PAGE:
Coronavirus: Mayor of Los Angeles Garcetti calls for cuts and holidays


Los Angeles Mayor Eric Garcetti announced plans on Sunday for thousands of workers to leave the city as part of a larger effort to ensure the city survives the economic fallout from the coronavirus crisis.

With tax revenues falling short of expectations, Garcetti said he would seek 26 days of unpaid leave from the city’s civilian workforce to balance the budget. The move would cut wages by 10 percent, he said.

The coming financial downturn will be worse than the 2008 recession, when city leaders laid off hundreds of workers and cut thousands of jobs, Garcetti said in his annual state of the city speech.

“So far, it has been the biggest economic blow of our lives, and it hurt,” he said. “But there is no way to coat it. It’s bigger, it will hurt more. “

The sharpness with which the public would feel the cuts to come is far from clear. The days off will not be required, among others, by the police, firefighters or workers in the Department of Water and Electricity.

Garcetti has already closed a number of city facilities to the public, including cultural centers, the Los Angeles Zoo and dozens of branch libraries. Some city workers have been reassigned to work in recreation centers that function as makeshift shelters for the homeless.

Sunday’s speech comes at an extraordinary time for Garcetti and the city. In the past five weeks, he has issued emergency orders to shut down businesses, suspend evictions, demand face masks, waive parking tickets and generally keep Angelenos away from each other on beaches, hiking trails and other places.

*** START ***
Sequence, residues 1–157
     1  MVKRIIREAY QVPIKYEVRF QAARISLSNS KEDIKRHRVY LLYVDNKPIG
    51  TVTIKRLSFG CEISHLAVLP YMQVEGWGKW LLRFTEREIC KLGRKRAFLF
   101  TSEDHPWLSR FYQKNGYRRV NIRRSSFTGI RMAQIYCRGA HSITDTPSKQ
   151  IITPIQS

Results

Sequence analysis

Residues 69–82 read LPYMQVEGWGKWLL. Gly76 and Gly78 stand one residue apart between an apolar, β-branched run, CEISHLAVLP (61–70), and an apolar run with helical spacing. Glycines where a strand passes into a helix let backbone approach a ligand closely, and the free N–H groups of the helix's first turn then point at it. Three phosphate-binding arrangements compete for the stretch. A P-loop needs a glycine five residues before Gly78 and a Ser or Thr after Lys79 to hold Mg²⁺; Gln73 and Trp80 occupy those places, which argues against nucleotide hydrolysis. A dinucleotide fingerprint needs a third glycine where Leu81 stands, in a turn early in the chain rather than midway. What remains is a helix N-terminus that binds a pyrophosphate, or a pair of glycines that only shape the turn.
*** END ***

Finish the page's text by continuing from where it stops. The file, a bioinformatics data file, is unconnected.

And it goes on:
With much of the city remaining inside, Sunday’s speech hardly resembled LA Gone’s previous city state address was the color keeper and the other ceremonies that usually accompanied the annual address from Garcetti to the city.

In normal years, Garcetti spoke to hundreds of people in crowded halls such as the California Science Center and the Valley Performing Arts Center at Cal State Northridge. Sunday he spoke inside an almost empty city hall, with even council members staying at home.

As a result, the event felt closer to one of the many evening briefings on coronaviruses given by Garcetti since mid-March, when he ordered the closure of bars, nightclubs, fitness centers, cinemas and other businesses.

The coronavirus epidemic and the accompanying economic downturn has been by far the greatest challenge for Garcetti and other city leaders for more than a decade.

Revenues for the upcoming fiscal year may be $ 598 million lower than forecast, depending on how long Angelenos continues to stay indoors, figures released last week by city controller Ron Galperin .

Much of the reductions were caused by the sharp drop in tourism activity, including a significant drop in taxes on hotel beds, said Galperin. Since home stay orders have been issued across the state, jobless claims have skyrocketed, with workers in the entertainment, hospitality and travel industries being particularly hard hit.

Garcetti is expected to release his proposed budget on Monday. The document, which covers expenses for the fiscal year beginning July 1, must be approved by city council before coming into force.


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